"Life can only be understood backwards; but it must be lived forwards." Soren Kierkegaard

User
Posted 07 Apr 2019 at 19:38

If you can't get to see the consultant quickly, see if they have MacMillan nurses there. They also attend the Multi-Disciplinary Meeting (at least where I'm being treated) and they can check the notes and tell you what's going on. You can probably get to see the nurses much faster.

They will need to be sure your father is happy for them to discuss his case with you first though. That might already be recorded in his notes if you've done that before with someone there.

User
Posted 07 Apr 2019 at 19:48
I think the way that Macmillan nurses are deployed in your area is quite unusual Andy - certainly not common nationally and from what you say, it seems that your hospital uses Macmillan nurses in place of the urology clinical nurse specialists?

As littleredcar’s dad has been diagnosed whilst an inpatient, he probably doesn’t have an oncologist or urologist yet and there is unlikely to have been an MDT meeting as these are used to assess diagnostics from outpatient referrals. Being diagnosed late and via inpatient routes can be quite difficult to manage as the ward doctors need to liaise with all relevant departments, including urology, oncology, cardiology, radiology but the general admissions consultant will be the king maker.

While he is still an inpatient, have you tried reading his notes?

"Life can only be understood backwards; but it must be lived forwards." Soren Kierkegaard

User
Posted 07 Apr 2019 at 20:27

Thank you for your words of wisdom. I’m in Ireland we don’t have McMillan nurses. They mentioned a class about my father on Friday . I’m just really worried and concerned they won’t give any treatment . I don’t think I’m strong enough 

User
Posted 09 Apr 2019 at 15:47

His psa is now 1000

User
Posted 09 Apr 2019 at 17:02
If they did decide not to give any active treatment for the prostate cancer, it would be because they felt the treatment could cause more damage than the actual cancer. The ethical dilemma for the multi-disciplinary team (the meeting on Friday) will be whether treatment can be offered that does not make his heart problems worse.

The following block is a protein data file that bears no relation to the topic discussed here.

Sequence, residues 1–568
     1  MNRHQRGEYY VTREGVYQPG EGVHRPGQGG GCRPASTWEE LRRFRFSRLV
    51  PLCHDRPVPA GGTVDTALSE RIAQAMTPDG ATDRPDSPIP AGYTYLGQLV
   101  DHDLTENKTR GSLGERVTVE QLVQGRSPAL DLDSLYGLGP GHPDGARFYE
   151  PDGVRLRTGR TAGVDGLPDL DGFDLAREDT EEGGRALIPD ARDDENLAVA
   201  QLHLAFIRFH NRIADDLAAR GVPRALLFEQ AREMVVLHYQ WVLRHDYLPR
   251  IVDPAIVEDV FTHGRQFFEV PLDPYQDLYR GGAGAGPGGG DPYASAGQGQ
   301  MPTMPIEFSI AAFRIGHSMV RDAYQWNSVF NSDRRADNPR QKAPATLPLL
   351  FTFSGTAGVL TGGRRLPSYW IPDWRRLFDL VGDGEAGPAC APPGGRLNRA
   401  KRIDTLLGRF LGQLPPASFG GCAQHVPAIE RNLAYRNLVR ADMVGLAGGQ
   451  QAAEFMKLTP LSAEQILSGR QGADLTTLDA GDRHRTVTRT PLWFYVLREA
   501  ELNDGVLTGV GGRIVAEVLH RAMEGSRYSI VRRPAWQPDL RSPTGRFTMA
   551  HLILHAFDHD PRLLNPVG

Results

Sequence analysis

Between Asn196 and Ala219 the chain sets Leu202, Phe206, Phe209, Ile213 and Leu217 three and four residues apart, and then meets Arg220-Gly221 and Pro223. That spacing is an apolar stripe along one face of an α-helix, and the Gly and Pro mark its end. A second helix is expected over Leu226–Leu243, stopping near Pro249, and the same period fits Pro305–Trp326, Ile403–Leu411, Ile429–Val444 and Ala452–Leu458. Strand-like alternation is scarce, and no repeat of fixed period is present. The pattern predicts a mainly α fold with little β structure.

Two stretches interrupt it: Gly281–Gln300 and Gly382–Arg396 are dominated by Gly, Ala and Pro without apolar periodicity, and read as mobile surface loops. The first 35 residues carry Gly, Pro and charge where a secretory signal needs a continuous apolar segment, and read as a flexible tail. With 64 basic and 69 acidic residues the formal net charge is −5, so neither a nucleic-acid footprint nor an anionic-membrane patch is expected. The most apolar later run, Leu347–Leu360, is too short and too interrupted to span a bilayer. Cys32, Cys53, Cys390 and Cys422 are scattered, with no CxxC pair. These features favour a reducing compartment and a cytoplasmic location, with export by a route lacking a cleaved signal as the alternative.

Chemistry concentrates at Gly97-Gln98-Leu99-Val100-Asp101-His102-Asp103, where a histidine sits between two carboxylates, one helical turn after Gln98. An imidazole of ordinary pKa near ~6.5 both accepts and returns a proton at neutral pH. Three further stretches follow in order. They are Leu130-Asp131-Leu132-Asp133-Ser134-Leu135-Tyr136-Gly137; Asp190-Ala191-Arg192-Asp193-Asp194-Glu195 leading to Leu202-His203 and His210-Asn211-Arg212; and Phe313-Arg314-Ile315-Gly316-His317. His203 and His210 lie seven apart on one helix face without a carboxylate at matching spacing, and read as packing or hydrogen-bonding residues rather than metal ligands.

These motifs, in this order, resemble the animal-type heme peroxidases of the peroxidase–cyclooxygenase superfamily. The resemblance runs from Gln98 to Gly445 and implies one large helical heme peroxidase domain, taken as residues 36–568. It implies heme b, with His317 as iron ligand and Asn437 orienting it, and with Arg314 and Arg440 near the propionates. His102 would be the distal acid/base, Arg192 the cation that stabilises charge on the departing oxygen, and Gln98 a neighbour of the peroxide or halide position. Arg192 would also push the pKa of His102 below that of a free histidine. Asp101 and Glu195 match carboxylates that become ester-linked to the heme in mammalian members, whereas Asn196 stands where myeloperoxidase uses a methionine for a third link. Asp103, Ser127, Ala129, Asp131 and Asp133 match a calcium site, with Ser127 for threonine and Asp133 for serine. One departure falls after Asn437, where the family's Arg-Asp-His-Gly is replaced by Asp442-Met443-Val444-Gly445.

It is unlikely that they would decide to do nothing but if they did, you would no doubt find a strength that you don't even know you have, because the most important thing would be to keep dad calm and not allow him to become frightened or distressed.

"Life can only be understood backwards; but it must be lived forwards." Soren Kierkegaard

User
Posted 09 Apr 2019 at 17:18

That changes things a little. It probably means that the biopsy is no longer required.

Have the doctors told you any more yet?

.

-- Andrew --

"I intend to live forever, or die trying" - Groucho Marx

User
Posted 10 Apr 2019 at 07:58

Apparently he is going back on tablets today and 3 monthly injections . They mentioned radiology too and a possibility of a bone biopsy 

 

User
Posted 10 Apr 2019 at 09:29
Good to have a plan: with his heart condition, he would not be able to cope with more radical treatment - but while he will benefit form the hormone therapy, that will be hard work for him, so you'll need to ensure he gets monitored carefully going forward.
.

-- Andrew --

"I intend to live forever, or die trying" - Groucho Marx

User
Posted 10 Apr 2019 at 09:58

What am I to expect from the hormone treatment . Has anyone had psa risen so quickly to 1000. 

What is the need for the biopsy of the bone 

User
Posted 10 Apr 2019 at 11:15